Probate Administration

Identify • Guide • Preserve

Let us be your guide.

The loss of a loved one is a difficult time, and the next steps are often unclear. The probate administration process of going through the person’s property and figuring out assets and debts is a responsibility that will fall to someone who will be managing the estate. Kimberly N. Loveland represents those persons in charge of handling things after someone dies. Kimberly understands how overwhelming it can be and will work with you to understand your role and what needs to be done.

Below are some of the most common questions regarding the Probate Administration process:

Probate is the legal process that determines how debts will be settled and assets distributed when someone dies with or without a trust or a will. Having a board-certified probate attorney overseeing this process will ensure that all documents necessary to this process are filed before the court’s deadlines.

The Loveland Law Firm has expertise in Probate and Trust Administration and can represent fiduciaries or beneficiaries in court through each stage of this complicated and time-consuming process.

The probate process's demands may require a year or more for an estate to be settled through probate. Additionally, the estate will incur expenses that may come out of the pocket of beneficiaries.

The Loveland Law Firm is experienced in matters of county, probate, and district courts representing fiduciaries and beneficiaries in all aspects of estate and trust administration. Administering a decedent's estate can be a complicated, time-consuming process, but it doesn’t have to be stressful if you have Loveland Law Firm as your advisor.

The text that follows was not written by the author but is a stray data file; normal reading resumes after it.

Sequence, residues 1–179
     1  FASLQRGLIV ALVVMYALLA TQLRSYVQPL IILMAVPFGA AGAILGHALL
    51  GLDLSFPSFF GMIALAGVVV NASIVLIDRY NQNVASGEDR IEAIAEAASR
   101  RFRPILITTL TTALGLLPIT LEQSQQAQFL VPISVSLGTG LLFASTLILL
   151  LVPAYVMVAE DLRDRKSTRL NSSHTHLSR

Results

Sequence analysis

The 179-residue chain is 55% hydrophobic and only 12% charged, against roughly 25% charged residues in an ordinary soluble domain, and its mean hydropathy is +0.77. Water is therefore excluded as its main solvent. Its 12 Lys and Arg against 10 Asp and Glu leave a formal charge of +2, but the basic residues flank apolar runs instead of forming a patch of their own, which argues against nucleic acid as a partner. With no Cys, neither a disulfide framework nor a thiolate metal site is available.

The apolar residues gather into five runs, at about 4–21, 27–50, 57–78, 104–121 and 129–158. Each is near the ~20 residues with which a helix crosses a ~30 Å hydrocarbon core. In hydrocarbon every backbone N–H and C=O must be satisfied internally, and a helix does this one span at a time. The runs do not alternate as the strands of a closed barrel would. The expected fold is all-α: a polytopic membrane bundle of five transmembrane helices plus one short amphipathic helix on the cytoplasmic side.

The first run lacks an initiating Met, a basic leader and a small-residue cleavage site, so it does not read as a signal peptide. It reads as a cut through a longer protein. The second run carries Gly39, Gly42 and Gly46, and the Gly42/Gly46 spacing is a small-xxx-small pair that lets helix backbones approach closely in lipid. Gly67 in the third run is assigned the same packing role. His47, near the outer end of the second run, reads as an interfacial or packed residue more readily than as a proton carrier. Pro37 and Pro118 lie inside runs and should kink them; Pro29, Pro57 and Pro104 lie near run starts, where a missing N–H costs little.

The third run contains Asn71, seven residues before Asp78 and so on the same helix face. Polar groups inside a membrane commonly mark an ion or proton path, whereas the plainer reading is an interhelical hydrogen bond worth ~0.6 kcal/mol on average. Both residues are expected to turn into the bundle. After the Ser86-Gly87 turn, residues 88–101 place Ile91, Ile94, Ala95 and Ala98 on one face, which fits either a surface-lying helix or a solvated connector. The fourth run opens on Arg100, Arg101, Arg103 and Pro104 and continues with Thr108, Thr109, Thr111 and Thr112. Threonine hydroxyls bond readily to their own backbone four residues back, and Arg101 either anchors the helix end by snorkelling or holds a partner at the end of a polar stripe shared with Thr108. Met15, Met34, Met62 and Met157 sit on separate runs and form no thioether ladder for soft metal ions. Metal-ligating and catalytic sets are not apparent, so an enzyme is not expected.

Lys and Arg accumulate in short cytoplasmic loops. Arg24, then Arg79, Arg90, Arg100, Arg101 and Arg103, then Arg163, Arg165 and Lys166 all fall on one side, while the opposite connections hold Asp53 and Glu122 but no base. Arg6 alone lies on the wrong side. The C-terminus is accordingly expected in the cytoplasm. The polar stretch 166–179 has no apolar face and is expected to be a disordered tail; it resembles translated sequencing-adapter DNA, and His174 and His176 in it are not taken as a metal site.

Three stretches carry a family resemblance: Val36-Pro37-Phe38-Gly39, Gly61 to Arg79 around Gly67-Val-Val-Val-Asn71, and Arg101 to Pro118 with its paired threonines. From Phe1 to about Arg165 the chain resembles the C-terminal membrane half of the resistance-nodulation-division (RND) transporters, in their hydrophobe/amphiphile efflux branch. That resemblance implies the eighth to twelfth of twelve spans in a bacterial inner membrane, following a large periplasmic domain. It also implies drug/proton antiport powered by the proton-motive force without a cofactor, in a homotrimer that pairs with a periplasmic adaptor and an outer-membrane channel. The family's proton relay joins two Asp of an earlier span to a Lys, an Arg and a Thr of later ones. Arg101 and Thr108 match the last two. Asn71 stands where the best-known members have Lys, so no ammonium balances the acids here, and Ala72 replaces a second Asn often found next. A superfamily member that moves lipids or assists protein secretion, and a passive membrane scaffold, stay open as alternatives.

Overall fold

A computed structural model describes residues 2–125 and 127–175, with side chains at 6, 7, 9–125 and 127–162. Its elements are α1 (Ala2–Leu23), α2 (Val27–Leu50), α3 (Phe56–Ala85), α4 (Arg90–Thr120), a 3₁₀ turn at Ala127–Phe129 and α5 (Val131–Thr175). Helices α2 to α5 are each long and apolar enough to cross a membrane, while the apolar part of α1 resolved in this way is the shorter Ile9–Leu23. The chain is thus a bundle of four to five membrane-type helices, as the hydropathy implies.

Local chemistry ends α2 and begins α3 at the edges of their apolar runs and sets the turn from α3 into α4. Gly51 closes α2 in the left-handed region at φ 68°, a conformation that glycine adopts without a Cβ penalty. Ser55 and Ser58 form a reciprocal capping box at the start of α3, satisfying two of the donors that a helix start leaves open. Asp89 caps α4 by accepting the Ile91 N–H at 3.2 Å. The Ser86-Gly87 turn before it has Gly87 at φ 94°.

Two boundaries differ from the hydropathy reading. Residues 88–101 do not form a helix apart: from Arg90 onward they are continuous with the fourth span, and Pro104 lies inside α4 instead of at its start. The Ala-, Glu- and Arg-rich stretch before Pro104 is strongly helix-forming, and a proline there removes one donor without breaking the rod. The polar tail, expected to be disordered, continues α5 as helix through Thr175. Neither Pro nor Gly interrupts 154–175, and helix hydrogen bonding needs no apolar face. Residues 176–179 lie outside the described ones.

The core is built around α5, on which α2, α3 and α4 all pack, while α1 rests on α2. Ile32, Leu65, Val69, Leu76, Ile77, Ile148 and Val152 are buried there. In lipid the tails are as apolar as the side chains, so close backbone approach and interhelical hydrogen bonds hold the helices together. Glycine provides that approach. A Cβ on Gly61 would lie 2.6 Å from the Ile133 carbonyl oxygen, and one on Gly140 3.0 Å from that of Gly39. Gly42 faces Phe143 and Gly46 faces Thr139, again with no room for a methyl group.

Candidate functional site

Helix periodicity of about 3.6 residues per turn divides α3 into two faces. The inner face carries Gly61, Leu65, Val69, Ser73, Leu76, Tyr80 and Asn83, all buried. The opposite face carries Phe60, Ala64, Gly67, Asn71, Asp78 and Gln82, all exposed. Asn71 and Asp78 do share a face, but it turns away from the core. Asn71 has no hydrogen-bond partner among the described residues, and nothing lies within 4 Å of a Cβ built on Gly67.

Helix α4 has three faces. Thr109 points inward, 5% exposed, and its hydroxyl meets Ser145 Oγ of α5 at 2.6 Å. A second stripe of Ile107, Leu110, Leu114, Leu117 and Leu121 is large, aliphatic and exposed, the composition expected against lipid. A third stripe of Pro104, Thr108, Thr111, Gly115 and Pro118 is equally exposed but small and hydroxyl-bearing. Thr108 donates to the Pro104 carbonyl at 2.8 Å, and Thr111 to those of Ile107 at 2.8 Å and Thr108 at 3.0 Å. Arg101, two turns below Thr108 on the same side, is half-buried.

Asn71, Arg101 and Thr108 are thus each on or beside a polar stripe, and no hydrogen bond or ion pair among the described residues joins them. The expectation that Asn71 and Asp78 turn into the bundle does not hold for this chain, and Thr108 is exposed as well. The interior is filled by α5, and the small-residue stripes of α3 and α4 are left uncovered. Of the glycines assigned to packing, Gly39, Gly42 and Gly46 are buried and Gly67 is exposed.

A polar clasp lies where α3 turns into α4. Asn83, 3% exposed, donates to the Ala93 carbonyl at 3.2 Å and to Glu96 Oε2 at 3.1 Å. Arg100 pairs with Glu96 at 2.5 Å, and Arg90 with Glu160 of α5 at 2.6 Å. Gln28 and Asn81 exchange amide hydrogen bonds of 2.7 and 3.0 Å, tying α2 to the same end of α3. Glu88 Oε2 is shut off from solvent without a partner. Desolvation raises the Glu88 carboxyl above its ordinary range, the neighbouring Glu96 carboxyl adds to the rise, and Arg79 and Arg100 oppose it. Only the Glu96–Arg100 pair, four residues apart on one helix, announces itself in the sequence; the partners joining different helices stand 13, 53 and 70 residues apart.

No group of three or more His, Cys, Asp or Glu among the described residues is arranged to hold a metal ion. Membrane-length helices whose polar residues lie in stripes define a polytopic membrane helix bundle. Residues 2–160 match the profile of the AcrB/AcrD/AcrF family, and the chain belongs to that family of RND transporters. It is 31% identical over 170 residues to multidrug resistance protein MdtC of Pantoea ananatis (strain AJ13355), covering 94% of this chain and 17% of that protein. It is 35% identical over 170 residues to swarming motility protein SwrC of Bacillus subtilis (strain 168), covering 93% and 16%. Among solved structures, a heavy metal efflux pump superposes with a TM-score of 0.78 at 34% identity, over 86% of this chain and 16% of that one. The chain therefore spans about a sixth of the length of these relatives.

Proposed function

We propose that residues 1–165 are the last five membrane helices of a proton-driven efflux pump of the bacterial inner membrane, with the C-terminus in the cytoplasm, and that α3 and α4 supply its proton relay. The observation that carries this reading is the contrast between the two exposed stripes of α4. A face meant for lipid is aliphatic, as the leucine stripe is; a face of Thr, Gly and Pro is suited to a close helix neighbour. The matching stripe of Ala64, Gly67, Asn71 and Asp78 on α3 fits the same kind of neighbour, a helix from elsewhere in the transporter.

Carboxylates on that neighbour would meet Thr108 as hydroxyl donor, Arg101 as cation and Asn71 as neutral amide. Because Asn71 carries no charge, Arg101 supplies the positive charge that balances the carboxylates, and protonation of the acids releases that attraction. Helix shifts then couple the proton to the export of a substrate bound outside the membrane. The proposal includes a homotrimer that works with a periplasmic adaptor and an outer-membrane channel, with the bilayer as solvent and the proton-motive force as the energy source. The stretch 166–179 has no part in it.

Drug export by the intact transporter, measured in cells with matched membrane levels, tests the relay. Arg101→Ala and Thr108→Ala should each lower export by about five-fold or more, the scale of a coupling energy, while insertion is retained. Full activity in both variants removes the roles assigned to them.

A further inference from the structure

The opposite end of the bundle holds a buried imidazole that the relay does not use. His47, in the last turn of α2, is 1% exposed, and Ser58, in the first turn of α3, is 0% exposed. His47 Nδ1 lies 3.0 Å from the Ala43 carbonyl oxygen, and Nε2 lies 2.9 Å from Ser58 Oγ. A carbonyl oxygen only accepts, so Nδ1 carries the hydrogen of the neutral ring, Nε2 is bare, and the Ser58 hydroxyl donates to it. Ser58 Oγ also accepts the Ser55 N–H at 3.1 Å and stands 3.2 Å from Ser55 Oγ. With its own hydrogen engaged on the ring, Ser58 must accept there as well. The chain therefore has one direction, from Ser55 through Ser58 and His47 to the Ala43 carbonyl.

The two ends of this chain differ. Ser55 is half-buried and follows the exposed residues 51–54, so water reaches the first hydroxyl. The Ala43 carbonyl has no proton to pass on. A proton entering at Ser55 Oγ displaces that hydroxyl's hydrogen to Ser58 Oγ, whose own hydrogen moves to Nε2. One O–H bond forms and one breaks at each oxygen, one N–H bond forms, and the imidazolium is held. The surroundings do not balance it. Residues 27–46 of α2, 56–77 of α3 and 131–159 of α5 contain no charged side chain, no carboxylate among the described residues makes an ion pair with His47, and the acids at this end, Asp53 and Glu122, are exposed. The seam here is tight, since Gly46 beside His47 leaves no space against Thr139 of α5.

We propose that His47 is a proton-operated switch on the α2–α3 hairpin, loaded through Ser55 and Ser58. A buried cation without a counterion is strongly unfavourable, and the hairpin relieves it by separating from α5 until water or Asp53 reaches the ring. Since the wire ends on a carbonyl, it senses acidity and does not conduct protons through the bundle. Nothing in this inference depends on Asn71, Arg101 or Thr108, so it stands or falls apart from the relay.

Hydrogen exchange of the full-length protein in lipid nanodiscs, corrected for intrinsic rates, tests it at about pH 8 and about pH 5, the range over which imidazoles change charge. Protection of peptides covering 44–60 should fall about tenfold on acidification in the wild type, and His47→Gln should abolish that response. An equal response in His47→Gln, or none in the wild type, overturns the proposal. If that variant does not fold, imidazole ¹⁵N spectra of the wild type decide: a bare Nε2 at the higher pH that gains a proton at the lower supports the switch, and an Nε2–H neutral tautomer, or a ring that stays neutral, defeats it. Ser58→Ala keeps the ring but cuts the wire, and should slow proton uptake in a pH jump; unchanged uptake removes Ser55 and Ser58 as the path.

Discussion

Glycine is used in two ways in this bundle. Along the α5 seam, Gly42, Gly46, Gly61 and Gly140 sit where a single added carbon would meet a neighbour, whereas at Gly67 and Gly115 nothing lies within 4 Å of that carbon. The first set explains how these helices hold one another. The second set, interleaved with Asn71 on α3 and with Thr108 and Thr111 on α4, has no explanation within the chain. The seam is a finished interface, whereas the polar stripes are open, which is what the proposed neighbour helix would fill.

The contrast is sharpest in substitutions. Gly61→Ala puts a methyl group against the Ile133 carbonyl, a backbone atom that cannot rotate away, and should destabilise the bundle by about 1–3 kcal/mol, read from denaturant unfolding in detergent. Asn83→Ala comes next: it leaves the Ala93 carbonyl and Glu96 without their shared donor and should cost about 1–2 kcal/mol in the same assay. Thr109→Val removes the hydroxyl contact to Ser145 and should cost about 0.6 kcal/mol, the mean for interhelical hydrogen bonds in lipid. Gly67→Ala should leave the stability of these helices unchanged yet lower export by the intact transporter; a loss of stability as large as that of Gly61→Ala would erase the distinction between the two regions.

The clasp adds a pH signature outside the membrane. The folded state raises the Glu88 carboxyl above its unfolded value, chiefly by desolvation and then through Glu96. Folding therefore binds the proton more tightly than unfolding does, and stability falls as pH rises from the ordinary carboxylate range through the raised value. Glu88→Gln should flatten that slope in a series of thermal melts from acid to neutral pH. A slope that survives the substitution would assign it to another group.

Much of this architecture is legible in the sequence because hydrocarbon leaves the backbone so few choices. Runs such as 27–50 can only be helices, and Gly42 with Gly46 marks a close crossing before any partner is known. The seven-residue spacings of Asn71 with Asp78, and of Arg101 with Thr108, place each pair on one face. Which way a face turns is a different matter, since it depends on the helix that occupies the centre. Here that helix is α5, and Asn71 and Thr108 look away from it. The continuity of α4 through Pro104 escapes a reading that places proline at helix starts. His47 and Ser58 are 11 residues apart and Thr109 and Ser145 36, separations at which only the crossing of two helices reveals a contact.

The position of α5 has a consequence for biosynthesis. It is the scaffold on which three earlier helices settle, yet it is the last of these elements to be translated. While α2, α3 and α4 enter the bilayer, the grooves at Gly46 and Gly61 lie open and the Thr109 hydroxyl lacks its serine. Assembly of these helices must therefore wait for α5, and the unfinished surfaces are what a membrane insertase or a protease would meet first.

Kimberly typically represent the person who will handle an estate's details after someone dies; this person is the personal representative for the estate. If the deceased person had a will, the personal representative is called the executor or executrix. If there is no will, the personal representative is usually called the administrator.

Texas law lists an order of priority for who will be the personal representative:

  • The person named in the will to be executor or trustee
  • Surviving spouse
  • Primary person to inherit under the will
  • Any person inheriting under the will
  • Next-of-kin
  • A creditor
  • Anyone who applies
  • Anyone who is not disqualified
  • An appointed public probate administrator

For a person to be qualified to be the personal representative, they must meet the following criteria:

  • Have mental capacity
  • Not be a felon
  • Be a resident of Texas or, if a nonresident, appoint a local resident agent
  • Not be found unsuitable by the court.

Specifics can vary in Probate Administration depending on the circumstances and assets involved.  However, the essential components required may include the following:

  • Identifying the estate’s assets.
  • Paying all debts owed at the time of death.
  • Distributing assets to heirs or beneficiaries as named in a Will or Trust.
  • Paying any current or back taxes owed.
  • Following up on any claims owed to the estate by third parties.
  • Identifying heirs if there was no Will.

There are different types of probate procedures recognized by the State of Texas:

  • Independent Administration
  • Dependent Administration
  • Muniment of Title
  • Determination of Heirship